What is UPF Ultraviolet Protection Factor on apparel? Many customers inquire about the specifics of UPF ratings on court apparel that we stock. Having forgotten the details and aware that technology continues to evolve with fabrics utilized in athletic wear, I thought I’d freshen up on my UPF IQ and share what I’ve found.
What is UPF?
UPF is essentially built-in sunscreen for clothes. The UPF rating is the fraction of UV rays that can pass through the fabric and is based on the content, weight, finish and color of a particular fabric. A UPF of 50 means that 1/50th, or 2% of the sun’s rays will hit the skin. All clothing provides some degree of UPF naturally. For instance, it is said that most standard white t-shirts provide a UPF rating of about 7.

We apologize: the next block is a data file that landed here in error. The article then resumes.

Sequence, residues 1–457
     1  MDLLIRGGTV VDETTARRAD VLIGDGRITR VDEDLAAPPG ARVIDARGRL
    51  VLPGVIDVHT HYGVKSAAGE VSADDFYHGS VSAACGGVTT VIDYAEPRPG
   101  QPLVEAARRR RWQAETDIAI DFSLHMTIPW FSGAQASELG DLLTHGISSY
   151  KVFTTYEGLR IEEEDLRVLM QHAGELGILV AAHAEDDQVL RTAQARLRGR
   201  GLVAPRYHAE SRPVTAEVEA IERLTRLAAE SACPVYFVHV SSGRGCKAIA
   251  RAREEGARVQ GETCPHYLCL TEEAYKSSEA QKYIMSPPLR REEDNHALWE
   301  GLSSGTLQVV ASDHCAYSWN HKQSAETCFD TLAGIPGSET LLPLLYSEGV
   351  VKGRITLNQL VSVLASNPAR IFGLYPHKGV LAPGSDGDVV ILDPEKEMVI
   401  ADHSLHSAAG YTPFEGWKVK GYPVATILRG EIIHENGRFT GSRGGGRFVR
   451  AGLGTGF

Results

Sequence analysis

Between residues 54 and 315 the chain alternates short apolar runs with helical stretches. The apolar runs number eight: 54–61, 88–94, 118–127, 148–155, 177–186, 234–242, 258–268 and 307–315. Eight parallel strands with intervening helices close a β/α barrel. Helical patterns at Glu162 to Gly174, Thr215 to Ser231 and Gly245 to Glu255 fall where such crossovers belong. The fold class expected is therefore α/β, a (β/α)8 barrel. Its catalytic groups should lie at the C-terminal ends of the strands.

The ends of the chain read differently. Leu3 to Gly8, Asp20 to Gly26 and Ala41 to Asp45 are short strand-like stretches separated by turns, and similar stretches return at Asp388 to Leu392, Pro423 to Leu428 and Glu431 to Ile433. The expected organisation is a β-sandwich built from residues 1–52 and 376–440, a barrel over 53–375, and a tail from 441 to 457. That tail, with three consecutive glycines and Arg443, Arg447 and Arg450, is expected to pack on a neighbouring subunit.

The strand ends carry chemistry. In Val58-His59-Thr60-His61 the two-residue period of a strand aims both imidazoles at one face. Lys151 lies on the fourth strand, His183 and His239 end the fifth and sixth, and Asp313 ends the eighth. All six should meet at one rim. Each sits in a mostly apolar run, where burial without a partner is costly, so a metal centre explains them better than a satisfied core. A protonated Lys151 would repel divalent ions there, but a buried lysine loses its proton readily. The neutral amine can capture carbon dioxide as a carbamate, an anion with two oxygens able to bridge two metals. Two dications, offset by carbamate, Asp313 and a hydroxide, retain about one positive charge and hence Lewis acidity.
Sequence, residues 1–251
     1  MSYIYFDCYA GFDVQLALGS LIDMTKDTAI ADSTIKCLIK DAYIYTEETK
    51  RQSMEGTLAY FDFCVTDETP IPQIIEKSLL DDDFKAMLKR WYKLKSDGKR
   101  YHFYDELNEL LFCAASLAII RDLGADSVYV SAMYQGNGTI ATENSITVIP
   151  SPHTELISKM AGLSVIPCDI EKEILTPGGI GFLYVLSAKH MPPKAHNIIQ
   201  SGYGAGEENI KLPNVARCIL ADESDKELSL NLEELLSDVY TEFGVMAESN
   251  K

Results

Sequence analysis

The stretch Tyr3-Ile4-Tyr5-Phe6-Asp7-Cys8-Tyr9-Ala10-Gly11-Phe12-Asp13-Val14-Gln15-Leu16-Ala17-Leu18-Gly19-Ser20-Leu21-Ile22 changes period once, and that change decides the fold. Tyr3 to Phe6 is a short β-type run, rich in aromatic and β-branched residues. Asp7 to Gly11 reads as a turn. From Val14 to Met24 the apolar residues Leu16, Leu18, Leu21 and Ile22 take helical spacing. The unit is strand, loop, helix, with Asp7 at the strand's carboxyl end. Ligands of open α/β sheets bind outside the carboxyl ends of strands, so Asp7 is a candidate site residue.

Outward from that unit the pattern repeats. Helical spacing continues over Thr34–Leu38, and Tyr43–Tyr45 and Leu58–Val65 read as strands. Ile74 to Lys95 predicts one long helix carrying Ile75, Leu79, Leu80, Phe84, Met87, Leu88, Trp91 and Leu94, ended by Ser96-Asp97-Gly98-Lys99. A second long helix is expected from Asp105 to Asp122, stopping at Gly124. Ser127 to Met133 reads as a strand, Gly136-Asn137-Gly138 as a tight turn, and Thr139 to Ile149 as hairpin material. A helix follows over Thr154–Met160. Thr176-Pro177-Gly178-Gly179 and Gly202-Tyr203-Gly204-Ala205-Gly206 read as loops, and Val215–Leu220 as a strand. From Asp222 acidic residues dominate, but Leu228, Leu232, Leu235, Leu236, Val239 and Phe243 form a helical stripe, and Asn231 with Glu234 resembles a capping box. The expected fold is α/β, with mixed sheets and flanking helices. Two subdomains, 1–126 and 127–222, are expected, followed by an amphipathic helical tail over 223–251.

Who says so?
In order for apparel manufacturers to (legally) advertise its UPF rating, it has to be ASTM certified either using the U.S.A. or international standards.
How does UPF get into / onto the clothes?
Fabric companies sometimes work sunscreen ingredients into the fibers, and / or use a tighter weave in making these particular fabrics. Early on, this tended to rely more on a coating of the material, however today’s UPF rated fabrics tend to be engineered with a tighter weave to accomplish the task. This way it won’t wash off over time. The tighter the weave, the fewer holes that sun can penetrate. The more reflective the fabric (shinier rather than a matte finish), the more the UV rays will reflect off rather than absorb into it. The thicker (or heavier) the fabric the more protection it will usually afford as well.
- Lycra, Nylon and Polyester fabrics tend to provide the most UPF protection
- If you are a fan of cotton, wash your garment to preshrink it before wearing in the sun to close the gaps in the weave
- Don’t wear a shirt so tight that you are stretching it and opening the weave
- Seek a garment of at least 30 UPF for a fair amount of protection
Have tips for us? Please share!